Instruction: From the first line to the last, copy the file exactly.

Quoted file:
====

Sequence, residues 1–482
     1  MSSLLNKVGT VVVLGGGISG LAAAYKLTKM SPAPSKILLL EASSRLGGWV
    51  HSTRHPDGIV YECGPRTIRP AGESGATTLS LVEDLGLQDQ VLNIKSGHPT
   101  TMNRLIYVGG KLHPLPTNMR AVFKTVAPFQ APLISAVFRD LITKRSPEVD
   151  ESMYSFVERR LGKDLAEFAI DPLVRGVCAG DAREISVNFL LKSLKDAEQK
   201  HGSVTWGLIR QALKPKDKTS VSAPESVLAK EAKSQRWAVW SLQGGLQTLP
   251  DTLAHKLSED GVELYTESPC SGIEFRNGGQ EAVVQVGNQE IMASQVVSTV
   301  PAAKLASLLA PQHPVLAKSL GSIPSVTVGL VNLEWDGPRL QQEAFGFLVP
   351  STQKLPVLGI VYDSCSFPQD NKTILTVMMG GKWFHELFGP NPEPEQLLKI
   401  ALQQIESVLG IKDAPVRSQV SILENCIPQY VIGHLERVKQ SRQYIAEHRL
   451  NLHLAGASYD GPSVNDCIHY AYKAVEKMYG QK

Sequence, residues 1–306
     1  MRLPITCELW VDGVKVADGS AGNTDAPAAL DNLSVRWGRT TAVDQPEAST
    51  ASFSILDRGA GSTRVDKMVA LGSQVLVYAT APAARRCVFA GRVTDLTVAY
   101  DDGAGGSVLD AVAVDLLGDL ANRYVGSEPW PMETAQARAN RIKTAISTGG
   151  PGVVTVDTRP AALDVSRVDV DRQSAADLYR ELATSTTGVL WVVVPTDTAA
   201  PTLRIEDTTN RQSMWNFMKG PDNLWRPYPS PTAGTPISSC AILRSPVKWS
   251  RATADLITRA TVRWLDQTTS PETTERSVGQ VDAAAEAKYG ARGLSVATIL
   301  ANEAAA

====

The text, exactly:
Sequence, residues 1–482
     1  MSSLLNKVGT VVVLGGGISG LAAAYKLTKM SPAPSKILLL EASSRLGGWV
    51  HSTRHPDGIV YECGPRTIRP AGESGATTLS LVEDLGLQDQ VLNIKSGHPT
   101  TMNRLIYVGG KLHPLPTNMR AVFKTVAPFQ APLISAVFRD LITKRSPEVD
   151  ESMYSFVERR LGKDLAEFAI DPLVRGVCAG DAREISVNFL LKSLKDAEQK
   201  HGSVTWGLIR QALKPKDKTS VSAPESVLAK EAKSQRWAVW SLQGGLQTLP
   251  DTLAHKLSED GVELYTESPC SGIEFRNGGQ EAVVQVGNQE IMASQVVSTV
   301  PAAKLASLLA PQHPVLAKSL GSIPSVTVGL VNLEWDGPRL QQEAFGFLVP
   351  STQKLPVLGI VYDSCSFPQD NKTILTVMMG GKWFHELFGP NPEPEQLLKI
   401  ALQQIESVLG IKDAPVRSQV SILENCIPQY VIGHLERVKQ SRQYIAEHRL
   451  NLHLAGASYD GPSVNDCIHY AYKAVEKMYG QK

Sequence, residues 1–306
     1  MRLPITCELW VDGVKVADGS AGNTDAPAAL DNLSVRWGRT TAVDQPEAST
    51  ASFSILDRGA GSTRVDKMVA LGSQVLVYAT APAARRCVFA GRVTDLTVAY
   101  DDGAGGSVLD AVAVDLLGDL ANRYVGSEPW PMETAQARAN RIKTAISTGG
   151  PGVVTVDTRP AALDVSRVDV DRQSAADLYR ELATSTTGVL WVVVPTDTAA
   201  PTLRIEDTTN RQSMWNFMKG PDNLWRPYPS PTAGTPISSC AILRSPVKWS
   251  RATADLITRA TVRWLDQTTS PETTERSVGQ VDAAAEAKYG ARGLSVATIL
   301  ANEAAA